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A Bowed Guitar Runs Through It 

Sigur Rós come in (through the out door) from the cold

Wednesday, Jan 31 2001
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This is what Sigur Rós’ music sounds like: Backspun layered vocals from the dream-time drop away into a submarine’s distant sonar bell toll, hovering just beyond a gathering cloud storm. A church organ begins to hum . . . drums are slowly, steadily brushed from the back of some lava-lamped cave . . . and a bowed electric-guitar sound melts in, so colossal — bigger even than Page’s on “Dazed and Confused” — that it almost breaks apart under its own staggering weight. Finally, more than three minutes into this Icelandic quartet’s second album, Jón Pór Birgisson’s voice arrives, unsettling and intriguing, on a falsetto breath. It’s neither adult nor child, neither male nor female. It’s a voice that never broke — or one that broke a second time.

The song continues, and you realize that Birgisson’s words make little sense: They’re sung in a made-up language he calls “Hopelandish,” but they might as well be in Esperanto or Enochian. No matter. By the time “Svefn-g-englar” has concluded 10 minutes later, you know you’re in the presence of magnificence. This is super-IMAX, quadruple-THX music that could only emerge from a place with a lot of space and silence, a place whose very emptiness begs for songs and sounds that run big, deep and wide.

“We come straight out and admit that wide spaces influence us more than [it does other] bands,” Sigur Rós bassist Georg Holm told New Musical Express last year. “There are places on Iceland which no one has ever visited. Untouched places. I think our music is like that also.”

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It is. Ágaetis Byrjun isn’t stadium rock; it’s national-monument rock: sweeping, grandiose, ambient and anthemic, music that conjures visions of silent skies and roiling storms, of shuddering ice masses and black woods, of strange radiances on the horizon; music that slowly swells, arcs and crashes with all the heft, grace and emotion of Górecki’s Third. It has obvious precedents — Cocteau Twins’ ethereality and glossolalia, My Bloody Valentine’s sensuality/noise, Spiritualized’s symphonic ambition, Godspeed You Black Emperor’s bleak orchestral grandeur, et cetera — but it makes broader gestures. Ágaetis Byrjun doesn’t fade into darkness, narcosis or solipsism. It gets brighter ’til it whites out.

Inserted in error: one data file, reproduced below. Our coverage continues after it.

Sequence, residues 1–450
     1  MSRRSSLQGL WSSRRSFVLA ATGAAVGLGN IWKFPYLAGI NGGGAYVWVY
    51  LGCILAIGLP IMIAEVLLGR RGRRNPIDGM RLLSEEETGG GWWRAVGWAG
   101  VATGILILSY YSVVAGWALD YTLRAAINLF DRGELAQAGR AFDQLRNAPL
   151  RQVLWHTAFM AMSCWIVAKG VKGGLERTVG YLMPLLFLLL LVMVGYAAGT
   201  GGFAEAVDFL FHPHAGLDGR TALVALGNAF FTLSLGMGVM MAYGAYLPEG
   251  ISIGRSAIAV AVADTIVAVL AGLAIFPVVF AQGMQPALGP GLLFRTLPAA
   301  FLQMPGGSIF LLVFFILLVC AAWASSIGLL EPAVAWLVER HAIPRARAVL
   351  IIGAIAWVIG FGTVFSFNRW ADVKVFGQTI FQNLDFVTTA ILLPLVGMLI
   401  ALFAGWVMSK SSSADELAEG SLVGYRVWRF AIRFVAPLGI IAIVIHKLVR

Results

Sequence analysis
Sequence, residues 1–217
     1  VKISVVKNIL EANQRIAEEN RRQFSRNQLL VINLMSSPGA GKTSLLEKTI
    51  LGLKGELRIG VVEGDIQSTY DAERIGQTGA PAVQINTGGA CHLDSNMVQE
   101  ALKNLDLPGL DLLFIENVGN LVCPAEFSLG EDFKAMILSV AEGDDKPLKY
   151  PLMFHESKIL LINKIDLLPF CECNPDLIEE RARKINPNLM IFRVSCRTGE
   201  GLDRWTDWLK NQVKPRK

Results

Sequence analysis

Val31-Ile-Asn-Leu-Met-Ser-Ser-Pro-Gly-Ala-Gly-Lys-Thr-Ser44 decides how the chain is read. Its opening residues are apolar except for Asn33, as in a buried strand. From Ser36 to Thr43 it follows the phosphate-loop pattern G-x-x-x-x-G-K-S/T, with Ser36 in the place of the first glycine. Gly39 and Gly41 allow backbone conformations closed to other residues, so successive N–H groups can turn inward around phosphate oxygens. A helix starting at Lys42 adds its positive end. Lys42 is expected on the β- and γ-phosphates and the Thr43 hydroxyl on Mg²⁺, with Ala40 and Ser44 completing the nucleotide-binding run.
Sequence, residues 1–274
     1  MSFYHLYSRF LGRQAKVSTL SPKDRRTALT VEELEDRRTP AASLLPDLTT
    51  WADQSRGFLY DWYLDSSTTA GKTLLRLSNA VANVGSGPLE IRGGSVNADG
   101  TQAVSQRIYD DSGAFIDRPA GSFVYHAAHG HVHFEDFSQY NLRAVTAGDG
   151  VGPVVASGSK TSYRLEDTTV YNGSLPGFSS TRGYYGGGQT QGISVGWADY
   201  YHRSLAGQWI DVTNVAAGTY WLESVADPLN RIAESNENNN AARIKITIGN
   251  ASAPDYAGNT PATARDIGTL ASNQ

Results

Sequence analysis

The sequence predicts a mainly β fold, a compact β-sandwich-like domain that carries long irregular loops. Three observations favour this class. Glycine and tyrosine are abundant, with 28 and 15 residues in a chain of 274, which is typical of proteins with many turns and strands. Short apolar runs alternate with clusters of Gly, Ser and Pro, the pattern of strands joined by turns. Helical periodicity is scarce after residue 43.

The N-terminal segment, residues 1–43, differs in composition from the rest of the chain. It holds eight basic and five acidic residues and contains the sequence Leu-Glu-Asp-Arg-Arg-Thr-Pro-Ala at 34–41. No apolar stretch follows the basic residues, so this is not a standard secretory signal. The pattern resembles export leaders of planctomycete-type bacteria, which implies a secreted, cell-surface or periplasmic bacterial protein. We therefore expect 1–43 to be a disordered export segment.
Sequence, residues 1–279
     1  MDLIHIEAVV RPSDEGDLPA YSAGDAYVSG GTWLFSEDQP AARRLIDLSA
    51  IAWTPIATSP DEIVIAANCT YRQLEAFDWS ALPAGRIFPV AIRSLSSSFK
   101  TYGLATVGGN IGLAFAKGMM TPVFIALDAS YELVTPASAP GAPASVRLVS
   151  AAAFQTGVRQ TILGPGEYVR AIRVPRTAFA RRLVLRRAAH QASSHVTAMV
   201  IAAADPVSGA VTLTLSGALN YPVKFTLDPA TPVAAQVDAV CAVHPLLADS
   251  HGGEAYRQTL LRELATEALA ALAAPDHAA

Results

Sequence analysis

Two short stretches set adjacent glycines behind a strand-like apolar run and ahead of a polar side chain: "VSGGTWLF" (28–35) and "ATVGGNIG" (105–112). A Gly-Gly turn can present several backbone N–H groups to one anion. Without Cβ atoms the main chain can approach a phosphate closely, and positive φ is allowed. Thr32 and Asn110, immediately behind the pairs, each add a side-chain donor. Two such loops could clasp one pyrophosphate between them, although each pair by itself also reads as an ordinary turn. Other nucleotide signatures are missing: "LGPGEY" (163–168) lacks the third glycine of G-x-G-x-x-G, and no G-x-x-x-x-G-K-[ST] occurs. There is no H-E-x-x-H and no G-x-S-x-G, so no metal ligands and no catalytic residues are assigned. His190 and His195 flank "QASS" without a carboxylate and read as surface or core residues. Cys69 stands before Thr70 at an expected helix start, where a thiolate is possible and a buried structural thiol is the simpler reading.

Take “Starálfur,” the second of the 71-minute album’s eight epics. Arctic winds and racing polydrums drop straight into a full orchestra with bare demo-quality guitar, Sgt. Pepper’s horn fare, Morse code and whistling winds — and Birgisson’s keening, intense voice, singing a gentle melody above soaring strings. Or “Hjartao Hamast (Bamm Bamm Bamm),” grounded in an electric-piano groove and tasteful harmonica, before a staggering, shimmering guitar rises up. The effect is overpowering and enveloping — like sliding slowly into a warm, gauzy, candlelit bath of sound. Birgisson sings, trembling, up close, and a distant, angelic answer-melody follows, a big, drumless chorus melody, just voice and orchestra.

It’s a strange, multifaceted ballad, finally building to a whiteout static attack that only a piano survives . . . which leads into the 10-minute-plus “Vioar vel tl Loftárasa,” one of the album’s highest lights. A chilled guitar chimes like a railroad signal; a piano line enters with roiling thundercloud accompaniment; a melody comes in from the cold on the wings of an orchestra, led by piano; then elegiac slide guitar, and finally vocals, as if broadcast over the transom from a distant outpost, warning of an impending tragedy. They bleed slowly into distant background, and after an absence of more than eight minutes, the bowed electric guitar returns in an absolutely cataclysmic surge. Strings fall in behind, eventually breaking into thousands of free-jazzing Zen-symphony violin eddies — a frozen tsunami suddenly liquifying and racing across flatland.

That flatland is the eight-minute “Olsen Olsen,” opening beautifully with the sound of archangels calling to mortals from down a celestial hallway. A simple, downbeat post-rock guitar line reminiscent of Tortoise, Low, Mogwai and legions of imitators is soon buried by Birgisson’s echoing multitracked vocals, to a flute solo that’s the overture for the song’s grand, swing-for-the-bleachers-and-puncture-the-Astrodome-ceiling chorus. “Olsen Olsen” concludes with a live audience milling around — 30 seconds later, the melody resumes on the now-distant flute, a pied piper wandering Reykjavík’s alleyways into the night.

“We are not a band,” say Sigur Rós on their Web site. “We are music.” Yes. Somehow these four guys in their early 20s, huddled in knit caps, heavy parkas and five-day-old beards, pale cheeks ruddy from the cold, have made music as strange and beautiful as the angel-winged fetus that graces Ágaetis Byrjun’s deep navy-blue cover. Music that captures whale song and wintertime, pink dusk and gray dawn, through the hearing-glass: music that comes to us now like nature’s echo.

SIGUR RÓS | Ágaetis Byrjun | (Big Cat import)

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